Of course. I mean, Mary Magdalene’s hair has a big part in the story. Mary took spikenard — a very expensive oil — and poured it on Jesus’ feet. She wiped the excess oil off with her hair, using it like a mop, and I have always thought that this is such a powerful image. Of course, there are many women throughout history who have embodied female empowerment; it’s just unfortunate that we don’t know that much about them, because it’s been easy for the patriarchy to suppress those stories. Years later we’re left filling in the gaps; we don’t know a lot about them or how much they truly impacted our society.
What is the starting point for a concept of an album before you move toward its realisation?
Well, I’ve always believed it’s important for things to come from the inside out, and not from the outside in. It is as I said at the beginning of the conversation: Just because I liked Lilith didn’t mean that I would write songs about her or that she would inspire my work. On the other hand, Mary Magdalene was a concept that came in a natural and organic way. I wasn’t looking for anything; she just started appearing in my life in different ways. I guess when I’m writing I don’t necessarily think about the end goal. It just starts to appear.
For instance, do you name a song after it is completed, or does the title develop during the process?
It just develops. I’m always quite hesitant when talking about process, because it just sort of happens. I don’t really have a specific way of working — there is no secret, no mystical, magical way I do my work. I can’t explain it, but it’s simple and honest.
"I’ve always believed it’s important for things to come from the inside out, and not from the outside in"
It shapes itself.
Exactly, it shapes itself, and that is why it’s hard for me to talk about, because I’m afraid I might sound pretentious, and often when people ask me about process it is almost like… you can see the disappointment in their eyes. But it’s very basic: I just enjoy making songs. I enjoy dancing. I enjoy beautiful sounds, and I really like putting all of those things together.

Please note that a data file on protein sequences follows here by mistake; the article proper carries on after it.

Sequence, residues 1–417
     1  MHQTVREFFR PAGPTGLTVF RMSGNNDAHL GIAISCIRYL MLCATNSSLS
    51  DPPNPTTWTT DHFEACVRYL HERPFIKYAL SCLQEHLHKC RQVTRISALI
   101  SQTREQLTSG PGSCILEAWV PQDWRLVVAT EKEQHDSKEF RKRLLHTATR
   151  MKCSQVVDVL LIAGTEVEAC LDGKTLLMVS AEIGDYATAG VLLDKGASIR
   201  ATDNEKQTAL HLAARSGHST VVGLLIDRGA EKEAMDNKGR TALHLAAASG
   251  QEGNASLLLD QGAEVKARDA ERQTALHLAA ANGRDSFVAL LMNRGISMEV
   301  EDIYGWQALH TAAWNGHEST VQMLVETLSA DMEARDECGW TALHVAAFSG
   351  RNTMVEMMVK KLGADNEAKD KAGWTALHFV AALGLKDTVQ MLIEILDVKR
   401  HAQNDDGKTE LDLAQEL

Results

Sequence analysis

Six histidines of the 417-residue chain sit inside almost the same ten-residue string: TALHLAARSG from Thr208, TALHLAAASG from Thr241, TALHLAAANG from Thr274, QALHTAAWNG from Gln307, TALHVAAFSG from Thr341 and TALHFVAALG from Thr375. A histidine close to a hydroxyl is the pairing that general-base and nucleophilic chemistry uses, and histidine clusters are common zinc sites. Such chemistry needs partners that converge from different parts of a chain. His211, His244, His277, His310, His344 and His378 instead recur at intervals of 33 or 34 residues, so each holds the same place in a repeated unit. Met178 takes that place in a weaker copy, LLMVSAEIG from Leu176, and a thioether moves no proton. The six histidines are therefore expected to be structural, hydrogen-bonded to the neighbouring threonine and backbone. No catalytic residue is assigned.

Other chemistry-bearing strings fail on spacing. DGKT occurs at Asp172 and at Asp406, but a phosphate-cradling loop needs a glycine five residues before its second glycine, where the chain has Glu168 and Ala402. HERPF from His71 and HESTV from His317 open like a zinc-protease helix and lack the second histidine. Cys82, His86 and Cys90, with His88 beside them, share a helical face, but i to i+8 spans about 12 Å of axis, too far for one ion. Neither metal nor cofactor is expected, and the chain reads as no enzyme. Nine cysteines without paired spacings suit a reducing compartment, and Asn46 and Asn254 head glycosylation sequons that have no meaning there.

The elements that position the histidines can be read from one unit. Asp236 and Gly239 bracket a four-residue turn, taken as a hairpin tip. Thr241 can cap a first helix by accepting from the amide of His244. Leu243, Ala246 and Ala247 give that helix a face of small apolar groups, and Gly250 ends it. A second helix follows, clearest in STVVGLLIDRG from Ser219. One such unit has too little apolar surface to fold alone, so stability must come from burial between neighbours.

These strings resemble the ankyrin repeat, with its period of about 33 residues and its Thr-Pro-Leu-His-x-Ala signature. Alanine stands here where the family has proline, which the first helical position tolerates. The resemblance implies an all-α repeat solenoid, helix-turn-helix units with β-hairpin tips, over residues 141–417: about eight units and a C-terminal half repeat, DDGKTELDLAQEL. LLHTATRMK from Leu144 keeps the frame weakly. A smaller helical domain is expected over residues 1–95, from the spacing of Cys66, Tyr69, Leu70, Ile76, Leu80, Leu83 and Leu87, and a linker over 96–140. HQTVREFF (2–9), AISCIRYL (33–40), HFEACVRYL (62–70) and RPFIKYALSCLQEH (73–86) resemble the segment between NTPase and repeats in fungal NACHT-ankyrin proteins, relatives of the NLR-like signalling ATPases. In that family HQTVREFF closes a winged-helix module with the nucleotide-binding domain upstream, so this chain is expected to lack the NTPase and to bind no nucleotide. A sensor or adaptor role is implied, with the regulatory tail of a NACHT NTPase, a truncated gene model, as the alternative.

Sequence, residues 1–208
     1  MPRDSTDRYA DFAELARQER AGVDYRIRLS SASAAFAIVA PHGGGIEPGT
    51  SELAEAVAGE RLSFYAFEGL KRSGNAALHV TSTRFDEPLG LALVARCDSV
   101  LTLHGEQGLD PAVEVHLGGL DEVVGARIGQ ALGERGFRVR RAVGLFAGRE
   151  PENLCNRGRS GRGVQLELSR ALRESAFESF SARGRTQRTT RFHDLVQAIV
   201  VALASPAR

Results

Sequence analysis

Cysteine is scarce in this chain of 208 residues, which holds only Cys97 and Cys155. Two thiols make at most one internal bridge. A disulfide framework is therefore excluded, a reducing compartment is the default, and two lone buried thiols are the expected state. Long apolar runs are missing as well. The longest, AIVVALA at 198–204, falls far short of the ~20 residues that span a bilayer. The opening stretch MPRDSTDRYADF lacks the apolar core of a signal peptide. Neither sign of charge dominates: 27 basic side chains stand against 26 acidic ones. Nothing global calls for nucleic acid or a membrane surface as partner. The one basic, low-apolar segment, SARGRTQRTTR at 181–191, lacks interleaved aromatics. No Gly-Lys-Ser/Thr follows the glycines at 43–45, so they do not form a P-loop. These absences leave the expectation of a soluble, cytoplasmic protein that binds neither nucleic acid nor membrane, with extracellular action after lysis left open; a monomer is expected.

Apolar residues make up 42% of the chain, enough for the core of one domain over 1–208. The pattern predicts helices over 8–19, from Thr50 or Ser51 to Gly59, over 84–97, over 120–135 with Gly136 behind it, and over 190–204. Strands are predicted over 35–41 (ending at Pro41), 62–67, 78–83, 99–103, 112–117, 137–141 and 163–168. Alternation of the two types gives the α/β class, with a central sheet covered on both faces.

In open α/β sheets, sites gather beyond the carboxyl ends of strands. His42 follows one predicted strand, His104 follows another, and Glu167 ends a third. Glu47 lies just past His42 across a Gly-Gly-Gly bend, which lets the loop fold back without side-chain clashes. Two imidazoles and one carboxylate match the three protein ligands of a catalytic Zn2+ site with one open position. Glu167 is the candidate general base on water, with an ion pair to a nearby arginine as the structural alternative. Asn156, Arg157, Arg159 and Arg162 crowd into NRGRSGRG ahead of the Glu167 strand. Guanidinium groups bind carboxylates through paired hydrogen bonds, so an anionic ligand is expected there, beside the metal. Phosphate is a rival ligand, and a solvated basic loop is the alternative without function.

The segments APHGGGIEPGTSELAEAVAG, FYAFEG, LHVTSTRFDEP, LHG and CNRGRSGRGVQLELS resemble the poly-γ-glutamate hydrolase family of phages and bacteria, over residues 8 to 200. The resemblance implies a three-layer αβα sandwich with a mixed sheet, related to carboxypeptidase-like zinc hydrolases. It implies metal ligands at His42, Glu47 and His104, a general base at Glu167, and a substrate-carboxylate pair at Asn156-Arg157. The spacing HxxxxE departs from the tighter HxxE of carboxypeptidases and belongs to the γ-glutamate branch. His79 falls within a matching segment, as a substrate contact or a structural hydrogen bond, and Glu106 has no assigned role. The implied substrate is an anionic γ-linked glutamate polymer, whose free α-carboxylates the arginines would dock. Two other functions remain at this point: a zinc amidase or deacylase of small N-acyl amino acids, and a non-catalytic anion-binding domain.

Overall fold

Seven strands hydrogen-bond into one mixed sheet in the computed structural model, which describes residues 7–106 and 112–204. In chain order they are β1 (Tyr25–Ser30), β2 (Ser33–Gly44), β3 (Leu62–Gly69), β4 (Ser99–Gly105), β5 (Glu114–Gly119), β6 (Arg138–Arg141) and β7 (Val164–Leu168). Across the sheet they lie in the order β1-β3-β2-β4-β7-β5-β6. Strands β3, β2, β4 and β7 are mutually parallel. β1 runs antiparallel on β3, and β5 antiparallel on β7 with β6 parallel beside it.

Sometimes art is not a mirror held up to reality, but a hammer with which to shape it. Do you think musicians and songwriters are the consciousness or the unconscious of the time?
I don’t know. I think that if you’re making honest work, it will naturally speak of the times.
There are recurring themes in your work that seem to link carnal desire and emotional pain. What role does pain play in your work?
Yeah, pain and trauma play a big part in my work. Again, it’s hard to pinpoint it, but I feel comfortable exploring it: It’s not something I feel the need to shy away from. I don’t find it uncomfortable to explore things that don’t feel good, and there is often something quite intense about that.
"I’m always quite hesitant
when talking about
process, because it just
sort of happens. I don’t
really have a specific
way of working—there is
no secret, no mystical,
magical way I do my work.
I can’t explain it, but it’s
simple and honest"
Do you think pain is important for an artist?
I think truth is important for an artist. If the artist treats the work as pain, then sure; if an artist treats the work as happiness, sure. I just think that if you put down what you feel, someone, somewhere in the world is going to resonate with it.
From Portrait of an Artist: Conversations with Trailblazing Creative Women, a remarkable new book bringing you face-to-face with an incredible selection of pioneering women who have reshaped the creative industries. These world-famous women have all photographed and interviewed by Mexican artist Hugo Huerta Marin; these unseen candid images and ground-breaking interviews are published for the first time.
Hugo Huerta Marin is a multi-disciplinary artist and graphic designer whose work centres on gender and cultural identity. Hugo works as art director to Marina Abramović, with whom he has collaborated internationally. Hugo’s solo exhibitions have been featured at The Hole Gallery in New York, Never Apart Gallery in Montreal, and MUAC museum in Mexico City. He was part of the 2019 Casa Nano art residency in Tokyo.